In more encouraging public health news, the Centers for Disease Control and Prevention reports that vaccination rates among kindergarteners have remained stable, with the median vaccine exemption rate at 2 percent. Some states even reported an increase in immunization rates.
When you ask public health advocates about President Trump’s recent budget proposal, you typically get a bewildered pause. Public health people don’t like to exaggerate — they follow the science, they stay calm, they face off against dangerous threats on a regular basis. Exaggerating doesn’t help contain diseases, it only makes it harder. So it’s concerning when you hear words like this about Trump’s budget: “devastating,” “not serious,” “ludicrous,” “unfathomable.”
Protecting babies and children against dangerous — sometimes fatal — diseases is a core mission of public health. Everyday, in health departments across the nation, someone is working on maintaining and improving childhood vaccination rates and keeping diseases like measles and mumps from regaining a foothold in the U.S.
Most news on the dangers of antibiotic-resistant infections focus on adults. But children are very much at risk too. In fact, a recent study found that U.S. children have experienced a 700 percent surge in infections caused by particular bacteria that’s both resistant to multiple antibiotics and responsible for growing numbers of serious bacterial infections in kids.
Because taking health insurance away from millions of Americans isn’t bad enough, President-elect Trump has reportedly asked an outspoken critic of vaccines — a man who supported the thoroughly debunked notion that vaccines are linked to autism — to lead a commission on vaccine safety.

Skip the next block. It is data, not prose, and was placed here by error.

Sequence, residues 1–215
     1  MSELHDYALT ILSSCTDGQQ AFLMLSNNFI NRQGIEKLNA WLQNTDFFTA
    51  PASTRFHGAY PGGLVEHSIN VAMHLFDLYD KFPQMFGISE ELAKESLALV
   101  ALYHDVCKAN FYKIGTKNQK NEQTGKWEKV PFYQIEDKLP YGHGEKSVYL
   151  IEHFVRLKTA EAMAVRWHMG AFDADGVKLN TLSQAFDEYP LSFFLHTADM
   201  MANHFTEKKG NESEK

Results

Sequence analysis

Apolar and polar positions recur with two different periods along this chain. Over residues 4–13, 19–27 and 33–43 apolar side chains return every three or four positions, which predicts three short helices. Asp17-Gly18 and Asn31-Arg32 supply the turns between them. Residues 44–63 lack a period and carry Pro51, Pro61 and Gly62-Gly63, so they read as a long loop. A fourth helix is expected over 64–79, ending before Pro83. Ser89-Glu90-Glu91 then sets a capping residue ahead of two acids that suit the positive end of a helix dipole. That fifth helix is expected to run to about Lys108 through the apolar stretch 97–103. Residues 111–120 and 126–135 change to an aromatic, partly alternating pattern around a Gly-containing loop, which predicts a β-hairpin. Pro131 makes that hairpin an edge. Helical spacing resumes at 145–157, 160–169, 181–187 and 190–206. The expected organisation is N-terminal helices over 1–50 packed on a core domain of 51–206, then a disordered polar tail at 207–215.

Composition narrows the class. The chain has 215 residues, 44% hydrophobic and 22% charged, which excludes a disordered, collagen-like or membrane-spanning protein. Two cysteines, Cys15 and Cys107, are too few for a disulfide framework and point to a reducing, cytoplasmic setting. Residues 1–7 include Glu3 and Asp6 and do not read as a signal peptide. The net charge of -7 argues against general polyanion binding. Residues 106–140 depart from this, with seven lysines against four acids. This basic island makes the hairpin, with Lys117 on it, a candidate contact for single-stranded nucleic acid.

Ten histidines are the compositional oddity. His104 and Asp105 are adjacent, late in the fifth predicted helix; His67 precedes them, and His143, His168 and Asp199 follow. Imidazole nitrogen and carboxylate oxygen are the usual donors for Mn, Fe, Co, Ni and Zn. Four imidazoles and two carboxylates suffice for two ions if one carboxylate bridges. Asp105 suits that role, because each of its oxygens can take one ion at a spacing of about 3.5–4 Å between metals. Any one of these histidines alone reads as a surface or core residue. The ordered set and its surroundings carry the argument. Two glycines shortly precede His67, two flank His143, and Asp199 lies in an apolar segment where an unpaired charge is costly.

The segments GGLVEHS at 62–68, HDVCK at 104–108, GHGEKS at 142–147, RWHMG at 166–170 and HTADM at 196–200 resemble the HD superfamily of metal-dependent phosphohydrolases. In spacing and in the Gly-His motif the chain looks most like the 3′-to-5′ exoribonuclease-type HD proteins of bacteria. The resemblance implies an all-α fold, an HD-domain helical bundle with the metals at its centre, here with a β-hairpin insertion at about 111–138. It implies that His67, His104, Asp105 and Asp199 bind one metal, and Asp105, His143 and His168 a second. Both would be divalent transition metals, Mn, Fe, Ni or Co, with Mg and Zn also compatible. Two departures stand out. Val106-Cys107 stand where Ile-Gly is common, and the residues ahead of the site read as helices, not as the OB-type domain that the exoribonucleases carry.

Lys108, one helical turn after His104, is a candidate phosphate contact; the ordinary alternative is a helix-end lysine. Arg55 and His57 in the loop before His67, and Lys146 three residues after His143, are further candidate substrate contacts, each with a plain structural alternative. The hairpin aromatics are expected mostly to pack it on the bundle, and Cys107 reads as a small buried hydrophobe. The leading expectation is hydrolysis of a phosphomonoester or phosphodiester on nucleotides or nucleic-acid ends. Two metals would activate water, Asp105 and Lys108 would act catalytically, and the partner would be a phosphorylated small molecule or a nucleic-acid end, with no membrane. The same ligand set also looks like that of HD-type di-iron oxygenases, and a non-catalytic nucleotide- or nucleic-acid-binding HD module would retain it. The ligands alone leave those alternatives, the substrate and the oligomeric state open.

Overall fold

A recent study finds vaccine refusals have, indeed, accelerated the resurgence of whooping cough and measles here in the U.S. The findings are making headlines around the country — and comment sections are filling up with vitriol from anti-vaxxers — but it would feel amiss not to highlight the study on a blog dedicated to public health. But first, let’s remind ourselves of the pain and suffering that preceded vaccines.
I usually shy away from getting too personal in my work. But in the spirit of Thanksgiving and as a new mom, I was thinking about things for which I’m particularly grateful. One of the first things that came to mind as a public health reporter? Vaccines. So, in that vein, let’s celebrate some new and promising numbers on the worldwide effort to eliminate measles.
When it comes to immunization rates in the United States, the story is a mixed one. Among children, we’ve absolutely excelled. In fact, the Centers for Disease Control and Prevention considers the nation’s childhood vaccination rate as one of the greatest public health achievements of the 20th century. But when it comes to American adults — 50,000 of whom die every year from vaccine-preventable diseases — it’s a very different story.
In a somewhat frightening illustration of anti-vaccine trends, a new report estimates that among groups affected in the recent measles outbreak, the rates of measles-mumps-rubella immunization might have been as low as 50 percent.
It’s not the first study to examine the enormous health and economic benefits of vaccines. But it’s certainly another impressive reminder about the power — and value — of prevention.